Many dealers and auctioneers have been bringing container loads of antiques from Europe for years now. The lure of getting "fresh to the market" antique furniture and "smalls" is something that can bring renewed excitement back into your antique business.
Buying antiques by the container load can be a mental "rush", but is it the business builder some have made it out to be?
Back in 1998, while I was still in the antique and estate auction and liquidation business, I decided to purchase a load of antique furniture and smalls and have the container shipped to my facility in New York State.
I'll spare you the details of how exactly this is done during this article.
I received the load buy tractor trailer, and had friends help me unload the container. It was packed full and tight, and the furniture was quite impressive to say the least!
I was impressed by the high quality and good prices, and by the fact that I could have the load delivered right to my place of business.
There were twist leg oak hall trees, high relief wardrobes, dining room suits, chairs, bureaus, desks, marble top stands, dressers and much, much more. And that was just the furniture!
Inside the dressers and desks, there were smalls galore. Tucked inside one of the dressers was a hand-stitched sampler from 1861. The sampler was done by a mother who had lost a child at birth, and it achieved a high price at auction. I was most impressed with the condition and quantity of the smalls.
I have been in touch with auctioneers and dealers who have had both good and bad experiences with buying antiques in Europe. I have noticed that without exception, the difference between a good experience and a bad one rested solely on who they actually did business with.
Those that did business with the same company that I did business had a great experience. Those that didn't had a difficult experience.
There are various companies that ship antiques from Europe, and you can find their sites all over the Internet. I have however come to realize that not all of these companies are equal! Some of them are very condescending, while others try to speak to the "common folk" while doing business. None of this has a bearing on your bottom line!
There are a few things that you should look for when searching for an antique shipping company. I'll list them for you.
1. Per item price. Knowing your market is so vitally important to understanding whether or not you be profitable. Keep in mind that what is quoted from the company is never what the item actually costs. After you have paid ship transportation, duties, documentation fees, and trucking to your facility, the price per item goes up.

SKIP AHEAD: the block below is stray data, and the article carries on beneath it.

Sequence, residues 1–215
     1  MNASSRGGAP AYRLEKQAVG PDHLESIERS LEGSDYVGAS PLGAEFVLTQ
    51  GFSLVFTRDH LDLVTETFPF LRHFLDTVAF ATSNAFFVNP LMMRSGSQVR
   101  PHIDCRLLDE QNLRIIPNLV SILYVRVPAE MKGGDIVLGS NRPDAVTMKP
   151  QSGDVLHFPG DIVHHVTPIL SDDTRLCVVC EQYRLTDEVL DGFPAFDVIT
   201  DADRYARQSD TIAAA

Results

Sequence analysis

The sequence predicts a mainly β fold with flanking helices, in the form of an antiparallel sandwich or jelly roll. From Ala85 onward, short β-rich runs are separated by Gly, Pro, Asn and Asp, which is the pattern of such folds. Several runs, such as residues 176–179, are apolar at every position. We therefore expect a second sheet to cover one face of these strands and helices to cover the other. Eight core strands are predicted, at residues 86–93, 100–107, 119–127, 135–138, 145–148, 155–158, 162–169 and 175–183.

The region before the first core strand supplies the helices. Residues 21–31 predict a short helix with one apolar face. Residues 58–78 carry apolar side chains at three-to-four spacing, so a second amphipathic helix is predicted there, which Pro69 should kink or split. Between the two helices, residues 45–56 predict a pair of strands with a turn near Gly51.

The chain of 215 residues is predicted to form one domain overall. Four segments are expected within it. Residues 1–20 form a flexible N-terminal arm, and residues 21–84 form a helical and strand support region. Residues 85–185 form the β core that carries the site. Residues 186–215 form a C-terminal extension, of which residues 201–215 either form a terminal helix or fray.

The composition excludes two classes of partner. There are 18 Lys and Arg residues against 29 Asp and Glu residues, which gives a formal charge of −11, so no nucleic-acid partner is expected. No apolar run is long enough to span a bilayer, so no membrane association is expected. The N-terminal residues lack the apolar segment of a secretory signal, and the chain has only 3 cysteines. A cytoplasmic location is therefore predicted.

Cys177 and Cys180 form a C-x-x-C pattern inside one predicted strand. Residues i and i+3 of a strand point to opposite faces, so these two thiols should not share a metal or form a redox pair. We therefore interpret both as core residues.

2. Reputation in your country. When the company is thousands of miles away, many of them will often tell you what you want to hear. Make sure that you have testimonials from people who have done business with them in your country! Call these people, talk with them about their experience, and tap their brains for more information about the company. Good shipping companies will always be willing to give you references from people that are satisfied with their services.
3. Company attitude. Keep in mind that you are offering to do business with them. Some antique shipping companies often come across as condescending and snobbish. Do not be afraid to ask questions, (even if they seem like stupid questions.) If they come across as rude or "snooty", you may want to consider whether or not you wish to have a buying relationship with them.
If shipping antiques from another country seems like something that you would like to explore do your homework! It can be a lucrative move, but it can also empty your account quickly if you don't know what you are doing.
Michael Temple is a retired auctioneer, speaker and the owner of Antique Power Dealers, an antique and collectible business resource. (http://www.antiquepowerdealer.com) He is also the author of the report, "6 Costly Mistakes Antique Buyers and Sellers Make...and How to Avoid Them!" You can own a copy by asking for it. Send your request to: firstname.lastname@example.org